If you live in India, you could not have missed the ‘topical’ ads from brands with an Independence Day message. Virtually all brands – from bathroom fittings to durables, Chinese & Korean brands included carried out an ad linked to the day.
As Brand Equity pointed out, ‘Independence Day brings out the worst in brands‘. I can’t fathom the ROI brand teams expect or track out of such activities. A simple, ‘how does this advert benefit my brand?’ is usually asked of the agency and agonised over many meetings before any investment? Why is it different with topical ads linked to Independence Day or Republic Day? Take the Oyo Rooms ‘branded content’ (I guess that’s what it would be called) for example. It certainly would not be a cheap affair given the celebrity casting. The film has no link to the brand or category which it is in. We’ve seen a tangential reference to the category or brand in some films, which are high on entertainment quotient – the reference to ‘Shhhh’ in a film sponsored by Schweppes or the reference to a drink in the short films sponsored by Royal Stag, come to mind. The Oyo film had none of it. If awareness was the objective, it was a pretty expensive way to achieve it.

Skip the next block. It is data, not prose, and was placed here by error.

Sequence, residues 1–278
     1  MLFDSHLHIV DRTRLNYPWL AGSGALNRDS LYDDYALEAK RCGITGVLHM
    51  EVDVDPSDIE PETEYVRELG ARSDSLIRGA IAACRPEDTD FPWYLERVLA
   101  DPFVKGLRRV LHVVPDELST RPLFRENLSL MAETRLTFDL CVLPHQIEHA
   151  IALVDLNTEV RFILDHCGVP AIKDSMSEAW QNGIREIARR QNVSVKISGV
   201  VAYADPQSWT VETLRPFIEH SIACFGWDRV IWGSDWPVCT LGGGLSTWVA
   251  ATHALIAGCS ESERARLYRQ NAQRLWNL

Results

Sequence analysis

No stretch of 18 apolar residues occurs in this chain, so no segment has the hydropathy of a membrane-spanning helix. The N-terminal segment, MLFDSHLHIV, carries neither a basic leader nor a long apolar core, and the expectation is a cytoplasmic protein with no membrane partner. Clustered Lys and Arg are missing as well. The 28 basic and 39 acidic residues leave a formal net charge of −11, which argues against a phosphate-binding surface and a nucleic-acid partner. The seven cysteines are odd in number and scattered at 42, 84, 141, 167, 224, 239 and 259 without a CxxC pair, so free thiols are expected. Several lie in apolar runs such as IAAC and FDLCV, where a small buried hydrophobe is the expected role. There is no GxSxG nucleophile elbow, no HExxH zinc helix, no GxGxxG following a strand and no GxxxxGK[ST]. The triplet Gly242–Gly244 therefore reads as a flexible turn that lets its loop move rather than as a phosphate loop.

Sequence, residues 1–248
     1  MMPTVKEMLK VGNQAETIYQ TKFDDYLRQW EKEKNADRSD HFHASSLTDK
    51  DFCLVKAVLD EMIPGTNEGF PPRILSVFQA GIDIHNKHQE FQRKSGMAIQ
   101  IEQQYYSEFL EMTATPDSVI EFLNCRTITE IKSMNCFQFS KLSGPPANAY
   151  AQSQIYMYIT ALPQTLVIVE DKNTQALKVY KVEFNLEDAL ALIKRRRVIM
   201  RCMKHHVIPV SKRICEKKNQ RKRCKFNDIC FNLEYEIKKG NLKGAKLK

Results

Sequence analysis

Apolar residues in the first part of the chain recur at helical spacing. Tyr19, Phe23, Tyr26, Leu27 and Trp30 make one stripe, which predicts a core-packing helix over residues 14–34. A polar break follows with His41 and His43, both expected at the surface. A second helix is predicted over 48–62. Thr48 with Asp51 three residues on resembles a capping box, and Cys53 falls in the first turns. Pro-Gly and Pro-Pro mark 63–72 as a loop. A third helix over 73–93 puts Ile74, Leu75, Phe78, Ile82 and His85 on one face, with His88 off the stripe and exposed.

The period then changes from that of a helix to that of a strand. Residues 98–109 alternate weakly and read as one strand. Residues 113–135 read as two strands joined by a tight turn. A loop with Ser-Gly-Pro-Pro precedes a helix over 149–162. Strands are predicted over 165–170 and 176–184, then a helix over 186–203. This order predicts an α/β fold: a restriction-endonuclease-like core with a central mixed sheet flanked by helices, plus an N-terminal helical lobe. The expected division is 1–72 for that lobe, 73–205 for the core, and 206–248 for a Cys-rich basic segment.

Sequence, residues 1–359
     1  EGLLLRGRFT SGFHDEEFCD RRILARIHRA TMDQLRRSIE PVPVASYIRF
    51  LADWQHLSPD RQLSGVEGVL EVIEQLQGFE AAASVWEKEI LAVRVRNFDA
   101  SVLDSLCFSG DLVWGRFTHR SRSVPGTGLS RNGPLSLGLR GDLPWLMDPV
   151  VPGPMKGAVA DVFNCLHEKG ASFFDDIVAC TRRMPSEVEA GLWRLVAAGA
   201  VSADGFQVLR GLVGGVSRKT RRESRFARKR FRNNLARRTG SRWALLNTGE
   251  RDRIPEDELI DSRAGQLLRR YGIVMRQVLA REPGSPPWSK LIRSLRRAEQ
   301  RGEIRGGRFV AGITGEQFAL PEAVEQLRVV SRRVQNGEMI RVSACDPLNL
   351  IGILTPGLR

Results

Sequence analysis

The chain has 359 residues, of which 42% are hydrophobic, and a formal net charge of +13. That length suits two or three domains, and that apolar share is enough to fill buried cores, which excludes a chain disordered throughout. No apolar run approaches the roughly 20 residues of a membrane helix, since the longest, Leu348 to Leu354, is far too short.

Topical ads, when done right work well for the brand. The operative word, being the ‘brand’. As I said earlier, topical ads link a brand to the news of the day and can deliver far greater impact than regular one-off ads. Most of the ‘topical’ ads related to Independence Day have a forced reference to freedom and little or no link to the brand. And with virtually every brand creating such ads, it is a blind spot with hardly any ad being noticed (which is the first requirement) – right down to the mandatory use of tricolour. So why do brands still do it? It is the ‘fear of missing out‘. Brand managers have to justify what they did during such topical events and the easiest way out is to get the agency to do ‘something’. And the fear of missing out on an opportunity (however irrelevant and ‘false’) drives such activities. What say?